"The city is required to set the speed limit at that speed in order to be able to do enforcement," said Mowery, "so we have limited control due to state law on setting speed limits. We can't just ratchet the speed down."
This 85th percentile standard tends to encourage car-centric roadways, as drivers move faster to keep pace with others on the road. Otherwise, the configuration of the street must be changed in order to affect how people use the street.
How about a timed lane -- sharrows with bikes only on Saturday morning sunrise to noon?
One common misconception is that cycling is purely recreational, but the reality is that most of us are not weekend warriors. We ride our bikes to work, to school, to the grocery store, the post office, to wherever we need to go.
"We're looking to increase safety for bikes, pedestrians and motor vehicles," said Mowery. "Just doing a part-time bike lane would not achieve those goals."
How do the proposed alternatives address the current safety issues on North Figueroa? How do they reduce the number of traffic collisions and deaths?
Over the past ten years, within the five miles of North Figueroa from San Fernando to Colorado, there have been 109 car collisions, 14 involving bicycles and 57 involving pedestrians. North Figueroa, like Westwood and Lankershim, is one of the "strategic gap closures" targeted as priority projects within Year One segment of the Bike Plan. When the LADOT staff described three different configurations that could accommodate cyclists to varying degrees, one thing was clear: Option One, with two bike lanes and one less normal travel lane, could accomplish the most in terms of making North Figueroa safer.
For the 22 off-peak hours of the day, car speed is not constrained by traffic congestion across the 72-foot roadway. The other options presented provided for no lane removal, either with sharrows in both directions, or a combination of sharrows southbound and a bike lane northbound to accommodate uphill bicycle traffic. According to LADOT studies, neither of these secondary options would calm traffic speeds or provide much potential for a reduction of collisions.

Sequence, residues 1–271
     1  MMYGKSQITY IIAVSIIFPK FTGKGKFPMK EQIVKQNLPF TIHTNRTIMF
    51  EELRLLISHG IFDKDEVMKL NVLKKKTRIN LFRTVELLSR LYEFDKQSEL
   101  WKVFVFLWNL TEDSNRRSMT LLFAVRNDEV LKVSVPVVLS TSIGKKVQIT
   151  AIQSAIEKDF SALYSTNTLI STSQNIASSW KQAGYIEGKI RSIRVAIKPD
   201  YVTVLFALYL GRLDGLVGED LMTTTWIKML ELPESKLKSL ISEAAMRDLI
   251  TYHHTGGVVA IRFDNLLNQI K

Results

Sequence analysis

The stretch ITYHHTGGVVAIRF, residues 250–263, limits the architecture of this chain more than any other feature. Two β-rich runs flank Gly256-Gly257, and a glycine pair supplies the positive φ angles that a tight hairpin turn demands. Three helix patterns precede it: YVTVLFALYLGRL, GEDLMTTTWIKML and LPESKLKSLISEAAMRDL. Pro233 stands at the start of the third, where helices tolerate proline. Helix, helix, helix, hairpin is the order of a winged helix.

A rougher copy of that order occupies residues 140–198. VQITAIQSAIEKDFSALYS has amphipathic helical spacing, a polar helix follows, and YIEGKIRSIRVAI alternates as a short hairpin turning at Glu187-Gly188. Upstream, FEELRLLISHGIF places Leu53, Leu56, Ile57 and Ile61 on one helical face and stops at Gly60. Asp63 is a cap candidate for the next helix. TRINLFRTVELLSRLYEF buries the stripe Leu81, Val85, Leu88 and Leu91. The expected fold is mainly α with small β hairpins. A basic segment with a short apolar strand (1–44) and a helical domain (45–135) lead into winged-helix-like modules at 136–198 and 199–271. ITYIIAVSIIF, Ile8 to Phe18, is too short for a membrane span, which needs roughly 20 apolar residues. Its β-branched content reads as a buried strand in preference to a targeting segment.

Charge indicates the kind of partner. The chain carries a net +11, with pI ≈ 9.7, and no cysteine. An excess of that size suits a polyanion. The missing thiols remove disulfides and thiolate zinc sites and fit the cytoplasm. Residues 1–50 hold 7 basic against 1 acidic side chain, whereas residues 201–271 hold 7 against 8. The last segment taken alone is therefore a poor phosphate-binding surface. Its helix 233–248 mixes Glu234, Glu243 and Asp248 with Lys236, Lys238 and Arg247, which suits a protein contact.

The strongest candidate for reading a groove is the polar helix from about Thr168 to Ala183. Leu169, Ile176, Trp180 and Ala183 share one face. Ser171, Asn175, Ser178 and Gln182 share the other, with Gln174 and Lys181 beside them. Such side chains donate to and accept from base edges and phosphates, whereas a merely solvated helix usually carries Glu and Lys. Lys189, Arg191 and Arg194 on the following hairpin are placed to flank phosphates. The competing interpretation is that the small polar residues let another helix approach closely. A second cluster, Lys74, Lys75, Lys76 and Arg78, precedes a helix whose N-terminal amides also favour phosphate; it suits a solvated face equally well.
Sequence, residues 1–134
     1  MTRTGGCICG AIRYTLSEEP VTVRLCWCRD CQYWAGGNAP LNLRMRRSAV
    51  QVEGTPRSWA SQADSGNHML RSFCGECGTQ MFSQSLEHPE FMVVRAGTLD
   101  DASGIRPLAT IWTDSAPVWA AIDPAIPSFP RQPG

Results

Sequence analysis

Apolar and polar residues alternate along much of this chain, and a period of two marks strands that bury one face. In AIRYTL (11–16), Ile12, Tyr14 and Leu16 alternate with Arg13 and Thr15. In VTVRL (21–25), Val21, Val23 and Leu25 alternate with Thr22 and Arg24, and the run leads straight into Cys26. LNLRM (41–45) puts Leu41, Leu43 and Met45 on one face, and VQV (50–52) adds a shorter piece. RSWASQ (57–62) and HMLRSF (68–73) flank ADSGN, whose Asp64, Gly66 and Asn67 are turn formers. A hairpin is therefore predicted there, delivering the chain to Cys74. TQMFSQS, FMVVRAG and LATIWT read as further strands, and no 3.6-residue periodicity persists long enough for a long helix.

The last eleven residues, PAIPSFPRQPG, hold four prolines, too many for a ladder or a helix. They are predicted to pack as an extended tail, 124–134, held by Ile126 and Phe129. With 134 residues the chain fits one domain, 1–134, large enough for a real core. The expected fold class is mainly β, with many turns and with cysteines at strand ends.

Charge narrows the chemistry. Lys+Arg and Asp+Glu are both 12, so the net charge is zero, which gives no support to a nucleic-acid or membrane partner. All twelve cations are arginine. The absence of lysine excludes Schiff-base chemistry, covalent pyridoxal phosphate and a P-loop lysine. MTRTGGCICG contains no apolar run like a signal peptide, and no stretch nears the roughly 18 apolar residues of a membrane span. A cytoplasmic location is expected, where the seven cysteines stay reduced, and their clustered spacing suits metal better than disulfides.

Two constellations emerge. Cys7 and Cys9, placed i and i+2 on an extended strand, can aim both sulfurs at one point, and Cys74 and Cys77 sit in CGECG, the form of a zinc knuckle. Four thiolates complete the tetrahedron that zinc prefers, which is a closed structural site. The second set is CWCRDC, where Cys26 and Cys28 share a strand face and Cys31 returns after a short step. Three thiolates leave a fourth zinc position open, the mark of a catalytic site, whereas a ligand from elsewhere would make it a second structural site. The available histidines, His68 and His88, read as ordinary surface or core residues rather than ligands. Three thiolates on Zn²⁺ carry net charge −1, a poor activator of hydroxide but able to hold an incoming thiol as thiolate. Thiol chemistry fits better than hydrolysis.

"Typically what we see is when there's a single lane of traffic versus two lanes of traffic in any given direction, there is a reduction in collisions," said Frémaux. "A lot of the type of collisions that you see -- with side-swipes, and also pedestrian crossings where they're crossing multiple lanes versus a single lane -- a single lane will typically reduce collisions in that particular direction."
Studies comparing collision data demonstrate that cities with high bicycling rates trend toward lower crash rates for all road users. In fact, the fatal crash rate of bike-friendly cities like Portland and Davis are comparable to those of countries with the lowest reported crash rates in the world, such as the Netherlands.
"There's a more serious picture of our safety issue when we have six fatal collisions and seven serious injuries," said Gallardo, noting that York Boulevard and Avenues 60, 54, and 52 as among the most deadly. "This is especially important to note due to the close proximity to the schools in the area."
Everyone on both sides of the issue agrees that the streets should be safer, but opponents to the bike lanes keep looking for a different solution. Unfortunately, the reality about the Great Bike Lane Disaster is that without the lanes, Figueroa fails to be the great street it could be.
Listen to the full Q & A from the Figueroa Corridor meeting here.
About the Author Krista Carlson is a Los Angeles cyclist and contributing editor at Urban Velo. She came into cycling for practical reasons but fell in love with bikes because of their power to connect people to places and one another. She wrenches at Bike Oven, where she serves on the board, and is a founding member of the